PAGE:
Positive reinforcement and specifically superior human relations is critical to employee engagement and achieving higher performance from your people. Don’t forget Jim Collins corollary in Good to Great, “First Who Then What!”
We’ve discussed previously in these blogs on The Psychology of Achievement how to make others feel important, here’s a final addition to help you with raising your own self-esteem, as well as those around you and their performance.
The more attention we pay to others the more we convey to them in a way that cannot be conveyed any other way that we consider them to be valuable and important. This is a condition of the quality of our attention. As human beings we pay attention to what we value and ignore what we don’t.
Remember the last time someone ignored you. In most cases we become angry at their rudeness, we are offended, irritated.
How do we pay attention? Simple, by listening.
The Creator gave us two ears and one mouth, and this is possibly the best proportion to remember to use them in. Always listen twice as much as you speak. By listening to people we convey to them we feel they are important and valuable.
- 1. Builds trust between two parties
- Builds character in the listener – here’s that word again – it takes self-discipline. I first learned this in radio advertising, our minds function at about 450-500 words/minute. The average person speaks at about 100-150/words a minute. What does that mean? We have the ability to think about things 2/3’s of the time the other person is talking. In radio this meant we would work to get more than 150 works in a 60 second commercial. Because we knew the mind could absorb more, and frequently a fast paced ad generated more listening since it was upbeat. The point here is if we do not consciously concentrate on what someone is saying, we will find ourselves thinking about something else and miss the complete point of what they are saying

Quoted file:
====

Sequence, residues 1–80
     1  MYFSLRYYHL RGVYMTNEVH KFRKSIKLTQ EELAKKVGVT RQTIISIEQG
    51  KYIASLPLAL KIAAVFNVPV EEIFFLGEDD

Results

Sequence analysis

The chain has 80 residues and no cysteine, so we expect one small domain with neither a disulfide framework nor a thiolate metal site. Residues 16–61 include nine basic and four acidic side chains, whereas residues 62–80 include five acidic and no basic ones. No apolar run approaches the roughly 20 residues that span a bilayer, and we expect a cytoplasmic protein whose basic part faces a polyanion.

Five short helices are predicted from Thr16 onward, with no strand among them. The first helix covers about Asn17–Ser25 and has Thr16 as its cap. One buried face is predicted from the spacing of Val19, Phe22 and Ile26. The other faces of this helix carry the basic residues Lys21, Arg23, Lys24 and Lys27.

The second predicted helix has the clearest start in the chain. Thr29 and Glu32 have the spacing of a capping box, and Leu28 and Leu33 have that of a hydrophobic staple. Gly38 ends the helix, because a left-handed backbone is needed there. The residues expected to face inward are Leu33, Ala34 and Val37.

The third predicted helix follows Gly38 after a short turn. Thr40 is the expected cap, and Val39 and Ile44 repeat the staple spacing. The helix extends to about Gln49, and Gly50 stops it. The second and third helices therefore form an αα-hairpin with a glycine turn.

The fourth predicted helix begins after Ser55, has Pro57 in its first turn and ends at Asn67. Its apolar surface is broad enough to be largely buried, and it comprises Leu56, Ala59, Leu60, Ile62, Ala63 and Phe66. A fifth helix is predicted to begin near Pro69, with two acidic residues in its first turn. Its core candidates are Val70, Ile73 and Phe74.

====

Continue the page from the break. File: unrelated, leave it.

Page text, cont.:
- Listening Builds Self-esteem in the person listened to. The more we listen the more valuable they feel about themselves. Imagine a thermometer on a hot summer day! Consequently the more we listen the more they will like us as well.
- 1. Listen Attentively: How do you accomplish this? Face the person squarely, lean forward and concentrate 100% totally without mental wandering, distraction, or interruption.
- 2. Pause before replying: This is often perceived as classy. When you pause before you reply, you first make sure the person isn’t just pausing to take a breath. Secondly it conveys to the person that you are giving careful consideration to what they’re saying. Third when you pause before speaking you will hear what the person is saying for the better than if you immediately speak when the person stops.
- 3. Feed it back: This makes sure you get what they are saying perfectly clear. Repeat it. …So what I understand is… Let me make sure I have this clear… This conveys that you are listening intently and value the communication and only then respond.
Ask, “How do you mean?” Many people say things that are unclear even to themselves.
- 4. Ask Questions: The best questions are open ended here; ask what, where, when, who, how, which and why. Accept full responsibility for the communication.
Whatever genuine emotion we express toward any other person boomerangs back on us with redoubled force. Anything we say directly or indirectly is going to come back to us, and always with double the force that it was sent with.
The boomerang always starts in our hand.
“The fragrance of the rose lingers longest on the hand that cast it.” –Ghandi
Be very sure that what you cast at other people has a fragrance that you want to linger on your own hands.
How many of these principles are you applying? I’m constantly trying to remember to pause before replying and then to feed it back to someone when they speak to me. It seems we are in such a hurry these days that this simple courtesy escapes us. Many arguments and disagreements could be avoided simply by following the principles listed here in Intent and Effective Listening. "How do you mean?" is a wonderful question if there is at all any ambiguity in the person’s message or in your understanding it.
Here’s a suggestion. If you manage/lead people, or you simply want to improve your relationship with your spouse, friends or children, post these ideas on your desk somewhere so you can review them frequently. The only way to remember to use them is to practice them. Next time you fail to you misunderstand or get into an argument with someone because you didn’t follow these rules, take them out and try to figure out which one might have helped you communicate better.